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john davies
notes from a small vicar
from a parish
in Liverpool, UK

    Monday, May 12, 2003
    All or Nothing
    In Mike Leigh's All or Nothing Phil (Timothy Spall) is searching for respect. It takes a combination of an unexpectedly precious conversation with a customer in his cab, and the shock of finding his young son in Intensive Care with a heart attack, to bring his long-time insecurities to the surface.

    The brilliantly-observed story concludes with a resolution of sorts, between him and his tidy, long-suffering wife, and the other family members as they struggle, for the first time ever, to find ways to express their care for each other. Before that it'd always been a struggle just to get by.
      The conclusion to a seemingly pessimistic film is a hard-won affirmation.
    - wrote the Observer's Philip French:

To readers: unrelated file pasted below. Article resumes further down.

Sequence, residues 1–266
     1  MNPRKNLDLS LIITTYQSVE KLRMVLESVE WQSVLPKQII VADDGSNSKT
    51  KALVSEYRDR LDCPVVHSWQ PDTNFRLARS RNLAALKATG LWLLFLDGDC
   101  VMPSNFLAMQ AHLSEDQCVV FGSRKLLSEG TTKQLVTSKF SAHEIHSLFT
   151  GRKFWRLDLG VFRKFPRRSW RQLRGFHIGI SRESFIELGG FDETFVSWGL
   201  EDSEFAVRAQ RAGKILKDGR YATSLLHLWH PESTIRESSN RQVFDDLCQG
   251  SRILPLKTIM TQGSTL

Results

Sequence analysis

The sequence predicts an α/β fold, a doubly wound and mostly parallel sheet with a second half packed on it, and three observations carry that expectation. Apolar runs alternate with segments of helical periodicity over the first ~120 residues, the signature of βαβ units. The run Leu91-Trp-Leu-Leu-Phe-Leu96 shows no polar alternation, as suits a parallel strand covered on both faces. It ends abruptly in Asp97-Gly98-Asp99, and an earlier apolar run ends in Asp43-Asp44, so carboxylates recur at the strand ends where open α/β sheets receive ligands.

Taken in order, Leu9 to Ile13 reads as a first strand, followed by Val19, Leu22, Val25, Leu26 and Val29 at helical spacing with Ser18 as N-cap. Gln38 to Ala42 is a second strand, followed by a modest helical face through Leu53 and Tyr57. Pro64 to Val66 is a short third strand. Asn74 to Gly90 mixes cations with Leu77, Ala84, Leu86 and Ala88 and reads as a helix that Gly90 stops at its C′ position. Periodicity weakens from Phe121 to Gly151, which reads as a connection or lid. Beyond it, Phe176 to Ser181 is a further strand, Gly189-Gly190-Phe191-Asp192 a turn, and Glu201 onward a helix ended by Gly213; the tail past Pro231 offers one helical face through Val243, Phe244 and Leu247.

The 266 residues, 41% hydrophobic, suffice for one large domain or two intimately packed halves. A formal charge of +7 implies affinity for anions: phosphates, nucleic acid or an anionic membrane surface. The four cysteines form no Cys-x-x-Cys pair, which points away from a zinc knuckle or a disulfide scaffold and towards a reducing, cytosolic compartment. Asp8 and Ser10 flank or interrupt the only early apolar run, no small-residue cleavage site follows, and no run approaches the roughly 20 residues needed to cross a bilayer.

Unlike Ken Loach, Leigh doesn't appear to hold society and capitalism responsible for his characters' misery. What they lack - or perceive themselves to lack - is love, tenderness and understanding. Simple to the point of naivety perhaps, but an opinion shared by The Beatles and Philip Larkin.
    I watched this film tonight. And I saw nothing simple about the characters in this comedy of bad manners; rather, great insight into the stuff that goes on in the lives of cab drivers, checkout women, care assistants, council-estate layabouts, everyone, all the time. Perceptive. Respectful. Mike Leigh.